We are only a button away from controlling our homes or, more correctly, just a fingerprint or voice control away. Smart water valves and thermostats, home controllers, fancy door locks, switches, plugs, light bulbs, alarms and surveillance systems, baby monitors, toys, fridges and even pet feeders are among the many devices that communicate with each other via internet.
This communication, though, is not always encrypted, which makes room for DDoS and man-in-the-middle attacks.
At the top of the list for manufacturers, consumer smart devices make up a fast growing sector. Some 5.2 billion units will be in use in 2017, according to Gartner analysts, accounting for 63 percent of the total number of devices.
“Aside from automotive systems, the applications that will be most in use by consumers will be smart TVs and digital set-top boxes, while smart electric meters and commercial security cameras will be most in use by businesses,” said Peter Middleton, research director at Gartner.
The smart home is real – it’s no longer an image of the future. But how many users are aware their homes fit the pattern? Many are confused as to whether they live in a smart home and disoriented in general when talking about smart homes and the internet of things, found a recent Bitdefender study.
“On average, a household from the United States carries 13 smart devices or accessories,” the study says. “There are 12 in the UK and Australia, and 10 in France, Romania and Germany.”
This is fantastic news, except users are a bit unsure when questioned about the smart home concept. Globally speaking, users in the US and France are more up to date on the smart home concept. Still, only 30% of US smart home residents and 20% of those in France are aware they live in a smart home. Those in the UK, Romania and Australia are even less aware of their connected ecosystem, the study found. The most prevalent devices were smartphones, computers and tablets, smart TVs and wireless gaming consoles.
We want our coffeemaker to know when we wake up so it can have coffee ready, the pet feeder to feed for our pets while we are on vacation or for the egg holder to let us know when they are expired so we buy a new carton. Such an abundance of connected devices, however, often comes with lax security.
Why don’t manufacturers make IoT security a top priority instead of rushing to launch a product? Most likely because users don’t ask for it, since they don’t even know they are living in a smart home. The worst part is that they’re not looking at the bigger picture – hackers are not necessarily interested in them personally, but in what they can do with the exploited infrastructure.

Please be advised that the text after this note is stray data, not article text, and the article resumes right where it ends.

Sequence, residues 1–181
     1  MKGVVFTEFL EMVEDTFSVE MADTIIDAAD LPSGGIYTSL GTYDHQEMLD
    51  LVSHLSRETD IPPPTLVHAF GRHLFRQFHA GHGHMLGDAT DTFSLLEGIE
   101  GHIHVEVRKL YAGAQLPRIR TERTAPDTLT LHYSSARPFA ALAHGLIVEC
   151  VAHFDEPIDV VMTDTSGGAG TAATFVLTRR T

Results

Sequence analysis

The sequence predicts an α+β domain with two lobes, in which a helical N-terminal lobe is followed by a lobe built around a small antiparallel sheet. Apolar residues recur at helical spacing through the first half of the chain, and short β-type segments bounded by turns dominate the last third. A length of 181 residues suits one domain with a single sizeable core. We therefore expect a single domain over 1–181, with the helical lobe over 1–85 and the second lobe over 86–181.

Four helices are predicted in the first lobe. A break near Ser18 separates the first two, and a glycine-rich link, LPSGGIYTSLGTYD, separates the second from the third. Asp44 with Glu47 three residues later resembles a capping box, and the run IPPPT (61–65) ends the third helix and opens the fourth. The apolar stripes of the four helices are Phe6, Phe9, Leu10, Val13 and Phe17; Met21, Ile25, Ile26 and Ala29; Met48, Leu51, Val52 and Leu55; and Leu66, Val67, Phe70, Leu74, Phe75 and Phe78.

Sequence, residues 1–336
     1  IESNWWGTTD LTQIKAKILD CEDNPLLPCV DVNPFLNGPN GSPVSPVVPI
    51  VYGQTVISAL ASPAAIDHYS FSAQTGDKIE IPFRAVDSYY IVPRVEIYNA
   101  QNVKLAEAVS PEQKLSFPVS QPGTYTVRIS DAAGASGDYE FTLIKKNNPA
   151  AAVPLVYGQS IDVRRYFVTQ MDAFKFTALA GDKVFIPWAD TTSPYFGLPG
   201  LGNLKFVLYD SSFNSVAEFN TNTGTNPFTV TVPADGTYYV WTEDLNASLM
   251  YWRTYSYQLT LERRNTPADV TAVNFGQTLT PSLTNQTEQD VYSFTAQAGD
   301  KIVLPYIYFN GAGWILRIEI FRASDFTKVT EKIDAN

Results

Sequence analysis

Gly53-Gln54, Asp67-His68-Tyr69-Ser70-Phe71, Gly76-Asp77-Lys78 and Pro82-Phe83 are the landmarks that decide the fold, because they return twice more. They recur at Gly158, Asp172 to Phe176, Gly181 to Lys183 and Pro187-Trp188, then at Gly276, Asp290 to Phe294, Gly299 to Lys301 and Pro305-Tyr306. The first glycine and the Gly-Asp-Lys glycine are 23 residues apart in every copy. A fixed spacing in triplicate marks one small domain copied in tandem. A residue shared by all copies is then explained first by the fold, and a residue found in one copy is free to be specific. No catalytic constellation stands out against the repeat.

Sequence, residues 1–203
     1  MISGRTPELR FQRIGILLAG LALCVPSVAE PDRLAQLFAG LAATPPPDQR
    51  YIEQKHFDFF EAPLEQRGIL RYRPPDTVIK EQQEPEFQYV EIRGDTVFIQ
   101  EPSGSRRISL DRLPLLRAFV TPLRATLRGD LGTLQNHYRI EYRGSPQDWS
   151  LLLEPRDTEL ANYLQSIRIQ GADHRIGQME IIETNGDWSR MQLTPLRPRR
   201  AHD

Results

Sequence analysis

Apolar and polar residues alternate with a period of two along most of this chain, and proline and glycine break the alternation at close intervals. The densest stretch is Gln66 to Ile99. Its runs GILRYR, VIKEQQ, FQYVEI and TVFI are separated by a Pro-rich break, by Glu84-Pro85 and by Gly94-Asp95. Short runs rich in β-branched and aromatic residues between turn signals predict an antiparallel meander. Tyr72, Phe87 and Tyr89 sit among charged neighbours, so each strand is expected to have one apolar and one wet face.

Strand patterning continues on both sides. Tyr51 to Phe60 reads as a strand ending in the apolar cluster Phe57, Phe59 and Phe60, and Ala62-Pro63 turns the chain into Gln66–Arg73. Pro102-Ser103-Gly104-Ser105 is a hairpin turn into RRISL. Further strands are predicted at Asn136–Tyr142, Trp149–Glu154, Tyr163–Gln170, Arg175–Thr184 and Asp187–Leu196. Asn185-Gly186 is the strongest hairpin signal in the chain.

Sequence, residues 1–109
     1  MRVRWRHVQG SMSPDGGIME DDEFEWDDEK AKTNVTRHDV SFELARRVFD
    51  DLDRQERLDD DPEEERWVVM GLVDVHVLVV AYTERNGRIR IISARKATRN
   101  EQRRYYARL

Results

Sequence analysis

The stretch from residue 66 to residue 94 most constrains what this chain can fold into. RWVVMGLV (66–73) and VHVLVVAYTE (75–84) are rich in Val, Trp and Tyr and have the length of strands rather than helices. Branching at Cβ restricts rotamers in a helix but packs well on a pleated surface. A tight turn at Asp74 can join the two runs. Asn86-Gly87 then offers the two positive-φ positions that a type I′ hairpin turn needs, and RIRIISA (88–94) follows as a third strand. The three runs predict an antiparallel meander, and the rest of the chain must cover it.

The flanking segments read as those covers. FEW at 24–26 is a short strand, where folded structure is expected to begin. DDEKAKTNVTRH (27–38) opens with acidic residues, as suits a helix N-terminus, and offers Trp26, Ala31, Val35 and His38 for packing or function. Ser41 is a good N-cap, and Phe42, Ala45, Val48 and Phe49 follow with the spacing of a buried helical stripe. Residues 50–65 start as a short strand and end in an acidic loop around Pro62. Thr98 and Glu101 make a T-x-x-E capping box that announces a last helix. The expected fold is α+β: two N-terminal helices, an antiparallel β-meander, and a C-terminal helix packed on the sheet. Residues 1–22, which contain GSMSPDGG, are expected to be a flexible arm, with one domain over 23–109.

“More people need to realize that attackers are not targeting only the device,” says Alexandru Balan, Chief Security Researcher at Bitdefender. “They look for an easy entry point into your home network, to see how they can break into other connected machines and steal any unsecured information passing through the network.”
Security is a top priority for Australians and Romanians, who are mostly concerned about hackers stealing their data through unsecured smart devices and then leaking it online. Other concerns at the top of the list are losing control over their devices that hackers will exploit for illicit activities such as large DDoS attacks and surveillance.
So how can users make their smart homes more secure? First of all, enable network encryption and always update device firmware. Software updates are extremely important so they should be performed regularly, yet users tend to neglect this aspect. As many as 42 percent of US users have never performed firmware or default software package updates. Romanians (51 percent), UK and Australian users (38 percent), Germans (27 percent) and French (34 percent) are just as negligent with their security, blaming it on lack of tech knowledge and time, says Bitdefender.
Besides regular updates, always use strong, unique passwords for all devices and accounts accessed through the infrastructure. Never reuse passwords! Pay close attention to the apps to make sure they are legitimate, pause the in-built camera of the devices when not in use, never click on suspicious links appearing on the smart TV and use a professional home security solution to prevent attacks and malware infection.
“Although manufacturers are not always quick to push security updates for known vulnerabilities, users shouldn’t postpone installing them, once available,” Balan says. “Cybercriminals often infiltrate home and corporate networks through outdated software – so, whether it is a laptop or a smart device, security updates should be installed with the same diligence by users. Administering intelligent devices within the household is a full-time job that requires energy and a new set of skills that need to be learned.”